The First Class was a late entry in a late 60’s/early 70’s phenomenon in Britian of studio groups that released a string of delicious pop recordings but were really combinations of many of the same session musicians, singers and producers releasing the songs under different band names.  But, as the singles hit the charts, and requests for personal appearances began to roll in, some of the groups, like The First Class, were forced to cobble together a band out of something that was otherwise not in existence when the single was released.

“Beach Baby” written by John Carter and his wife Jill Shakespeare as a tribute to the California surf sound. Previously with The Ivy League and the Strange Brew, Carter both produced and sang on “Beach Baby.”

“Beach Baby” was written by songwriter and session singer John Carter and his wife Jill Shakespear as a throw back to American pop music of the 1960’s.  Writing previous hits such as “A Little Bit of Soul” for the Music Explosion and “Can’t You Hear My Heartbeat” for Herman’s Hermits, Carter was attempting to recapture the now nostalgic West Coast sound of The Beach Boys or Jan and Dean from about ten years prior.  Filled with California imagery of cars and girls and surfing and cut offs, it was an interesting idea with some surprising results.  Although it sounded distinctively Californian, with its string section and strong harmonies, it didn’t completely recapture the Beach Boy sound and, as a result, didn’t sound like aa cheap knock off.  Instead, It was more of a memory of what American music sounded like as heard through a British filter. 

Singer Tony Burrows sang lead vocals on previous hits such as “Love Grows Where My Rosemary Goes,” “My Baby Loves Love” and “United We Stand.” On “Beach Baby” he attempted to sing with an American accent.

In February 1974 “Beach Baby” was recorded with John Carter and friend Chas Mills singing alongside lead vocalist Tony Burrows. who was one of the most popular unknown voices in British pop radio as the primary vocalist for a lot of these bandless singles.  He sang lead on “Love Grows (Where My Rosemary Goes)” for Edison Lighthouse, “My Baby Love Lovin’” by the White Plains and the primary male vocals on “United We Stand” by Brotherhood of Man.  In all three of these cases, the songs became monster hits around the world, but no actual band existed outside of the studio.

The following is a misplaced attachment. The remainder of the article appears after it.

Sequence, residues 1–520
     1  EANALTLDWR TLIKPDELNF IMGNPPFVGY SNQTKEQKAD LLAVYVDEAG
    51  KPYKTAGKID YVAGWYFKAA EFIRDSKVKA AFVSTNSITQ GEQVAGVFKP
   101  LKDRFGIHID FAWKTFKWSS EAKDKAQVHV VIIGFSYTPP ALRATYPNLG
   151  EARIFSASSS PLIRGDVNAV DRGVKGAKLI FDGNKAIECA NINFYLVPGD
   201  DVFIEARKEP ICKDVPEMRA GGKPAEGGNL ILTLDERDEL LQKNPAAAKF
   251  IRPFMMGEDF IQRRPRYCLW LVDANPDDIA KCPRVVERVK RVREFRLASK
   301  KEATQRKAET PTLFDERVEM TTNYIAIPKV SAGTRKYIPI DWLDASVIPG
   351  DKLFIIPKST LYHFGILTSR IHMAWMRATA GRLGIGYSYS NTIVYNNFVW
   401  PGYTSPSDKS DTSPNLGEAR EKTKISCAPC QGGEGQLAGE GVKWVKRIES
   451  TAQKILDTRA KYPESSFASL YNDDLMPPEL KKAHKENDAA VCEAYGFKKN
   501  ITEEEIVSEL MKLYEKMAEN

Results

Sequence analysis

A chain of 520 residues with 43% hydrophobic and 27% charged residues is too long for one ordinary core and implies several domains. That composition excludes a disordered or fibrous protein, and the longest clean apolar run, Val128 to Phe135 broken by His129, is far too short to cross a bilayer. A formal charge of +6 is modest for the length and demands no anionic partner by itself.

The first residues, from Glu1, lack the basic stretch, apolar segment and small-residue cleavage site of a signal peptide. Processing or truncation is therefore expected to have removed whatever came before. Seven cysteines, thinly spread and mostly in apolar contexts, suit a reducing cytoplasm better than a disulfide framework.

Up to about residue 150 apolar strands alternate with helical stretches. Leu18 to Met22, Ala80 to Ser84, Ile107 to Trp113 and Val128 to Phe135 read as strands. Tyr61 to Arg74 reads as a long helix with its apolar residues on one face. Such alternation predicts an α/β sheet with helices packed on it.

With pop culture running on a wave of interest for 1950’s rock n’ roll, via hits such as “American Graffiti,” “Grease” and “Happy Days,” the single was an attempt to take the nostalgic craze to the next era of surf rock, and it successfully manages to capture that feel for fun in the sun.  But while “Beach Baby” may seem like a celebration of never ending sunshine and beach parties, Burrows turned the narration on its head by adding a sense of pathos, shattered dreams and broken promises just below the surface.  If just bopping to the chorus the listener may miss the painful reality of the song, which unexpectedly veers its head in the trippy bridge:

“Mmm, I never thought that it would end
Mmm, and I was everybody’s friend
Long hot days, blue sea haze
Jukebox plays, but now it’s fading away.”

Just like my memories of that girl up towards Claremont, the Beach Baby was a fantasy which was fading fast.

Although eight men are credited on the LP as being The First Class, the only ones that performed on the album were Tony Burrows, John Carter and Chas Mills. The rest of the men were hired to be the band for live performances and TV appearances when the studio performers did not want to do.